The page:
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Ten unique words you need to date in Sweden

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Ten unique words you need to date in Sweden
Swedes sharing a winter waffle. Photo: Ulf Lundin/Image Bank Sweden
14:56 CEST+02:00
Here are ten unique (and often untranslatable) Swedish words you should know about before you start dating in Sweden.
1. Fika
 
'Fika' is a Swedish word for a coffee and cake break. You can have a fika with a friend, a relative or a colleague. You can also get asked to go for a fika by someone who fancies you, or someone you've already slept with (but perhaps barely spoken to). If the whole thing sounds confusing - it is. But whether you're officially on a date or not, Swedes are obsessed with coffee, so at least start off on the right foot by ordering a latte rather than a lemonade. If you're confident you are being hit on, the word for this is 'ragga'.
 

'Fika' is a coffee and cake break. Photo: Susanne Walstöm/Image Bank Sweden
 
2. Mambo 
 
Once you're pretty sure the person you're drinking coffee and/or sleeping with fancies you, it might be time to check out their living situation. As well as finding out whether or not they're married ('gift'), consider also investigating if they are a 'mambo' - the word for someone who lives at home with their mother. It rhymes with 'sambo', the word for a live-in boyfriend or girlfriend. That's probably a no-no as well, but we'll let you be the judge. Given the difficulties of finding an apartment in Sweden's major cities, you should be aware of broken-up sambos who are temporarily still flat-sharing.
 

What a Swedish party might look like if your date lives with his parents. Photo: Carolina Romar/Image Bank Sweden
 
3. Bonusbarn
 
If your new partner isn't married, cheating or still stuck in their parents' nest, if they're over 30, there's a good chance they might be divorced (frånskild). More than 50 percent of marriages fail in Sweden. Thanks to Swedish gender equality, any children involved usually spend alternate weeks with each parent, which means you could quickly end up spending a lot of time with them too. The word for children in Swedish is 'barn' and the word for stepchildren is one of The Local's favourites in the Swedish language 'bonusbarn', putting a delightfully positive spin on preparing to spend Valentine's Day with little Jonas or Jessica alongside your new lover.
 

What a Swedish party might look like if your new partner has kids. Photo: Johan Willner/Image Bank Sweden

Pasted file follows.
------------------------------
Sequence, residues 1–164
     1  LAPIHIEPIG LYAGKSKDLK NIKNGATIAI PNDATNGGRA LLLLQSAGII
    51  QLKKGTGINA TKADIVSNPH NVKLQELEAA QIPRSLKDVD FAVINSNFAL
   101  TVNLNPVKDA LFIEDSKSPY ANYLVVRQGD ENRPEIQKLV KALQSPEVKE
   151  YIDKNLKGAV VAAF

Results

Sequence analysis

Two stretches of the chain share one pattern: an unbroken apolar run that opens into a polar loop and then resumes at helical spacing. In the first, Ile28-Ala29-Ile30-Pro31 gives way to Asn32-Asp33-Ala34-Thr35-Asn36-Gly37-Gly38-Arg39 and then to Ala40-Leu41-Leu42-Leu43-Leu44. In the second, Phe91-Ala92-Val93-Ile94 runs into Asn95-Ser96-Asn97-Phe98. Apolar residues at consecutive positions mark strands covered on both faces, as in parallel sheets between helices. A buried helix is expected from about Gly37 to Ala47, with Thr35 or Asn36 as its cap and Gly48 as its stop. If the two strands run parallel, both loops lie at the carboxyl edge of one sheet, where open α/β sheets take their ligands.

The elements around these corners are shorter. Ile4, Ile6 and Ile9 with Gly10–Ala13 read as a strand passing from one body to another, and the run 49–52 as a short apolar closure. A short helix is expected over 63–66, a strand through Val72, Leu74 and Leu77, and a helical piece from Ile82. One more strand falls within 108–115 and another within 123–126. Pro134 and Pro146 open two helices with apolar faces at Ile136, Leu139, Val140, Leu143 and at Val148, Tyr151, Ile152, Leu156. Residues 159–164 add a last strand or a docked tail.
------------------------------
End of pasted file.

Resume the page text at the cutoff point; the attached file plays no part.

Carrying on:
4. Nota
 
This is the word for a receipt or bill in Sweden. Worth learning as you will almost always be expected to pay your share of any dinner, drink or fika date.
 

Even a 50 kronor ($6) waffle bill is likely to be split in Sweden. Photo: Ulf Lundin/Image Bank Sweden
 
5. Kyss
 
It's good to be aware of the difference between 'kyss' and 'puss' in Swedish. The former is more passionate and is pronounced 'shiss'; the latter is more of a peck. 'Puss' is often put on the end of text messages sent between (usually female) friends. So you needn't worry that your colleague is either trying to get intimate with you or commenting on that spot on your chin. By the way 'kiss' is the Swedish word for wee, so be careful how you use that one too.
 

Is this couple about to 'kyss' or 'puss'?. Photo: Shutterstock 
 
6. Mysa
 
A bit like the English word 'snuggle', you'll hopefully be doing plenty of this with your new squeeze if you've managed to navigate your way through all the fikas and the bonusbarn. But don't jump to conclusions if your partner mentions 'mysa' when talking about how they spent their afternoon while you were at the supermarket. You can 'mysa' on your own at home by the fire or in a warm pub. It's a bit like the Danish word 'hygge', a concept for 'cozy time'.
 

Fancy a cozy break by the fire? That's 'mysa' time in Swedish. Photo: Fredrik Broman/Image Bank Sweden
 
7. Kondom
 
Not the most difficult word to translate from English, but worth a mention as Sweden was recently dubbed the STI capital of Europe. It's difficult to imagine organized Swedes running out of condoms, especially as unlike in North America or other parts of Europe, they more frequently come in packs of 30 rather than 12 (or three in the UK). Sexually-active Swedes are more likely than other Europeans to seek treatment for diseases such as chlamydia and gonorrhea.
 

Safe sex is wise wherever you are in the world. Photo: BikeRiderLondon
 
8. Systembolaget
 
The name for Sweden's state-run alcohol store empire. It shuts at 7pm on weekdays in big cities and at 3pm on Saturdays. It is not open on Sundays. Swedes can be shy and socially awkward, so if you're staying in rather than going out with your new lover, you might also want to stock up on some wine ahead of the weekend.
 

Many Swedes buy wine in bulk. Photo: Image Bank Sweden
 
9. Knullrufs
 
Well done, your relationship is blooming and you're having a great time in the bedroom. 'Knullrufs' is a unique Swedish word for messy 'bed hair' after a roll in the hay.
 

Both men and women can get 'knullrufs'. Photo: Shutterstock
 
10. Orka
 
This is a very common verb in Swedish meaning 'to have the energy'. So when your partner says 'jag orkar inte' in the bedroom, it means they'd rather catch up on sleep. If this starts happening regularly, it could mean you're on the road to splitting up ('separera') or 'frånskild' (that divorce we mentioned earlier) and having to start all over again with that first awkward fika.
 

If your partner has no energy, at least your sheets won't get too creased. Photo: Image Bank Sweden
 
This article was written by Maddy Savage in 2015.

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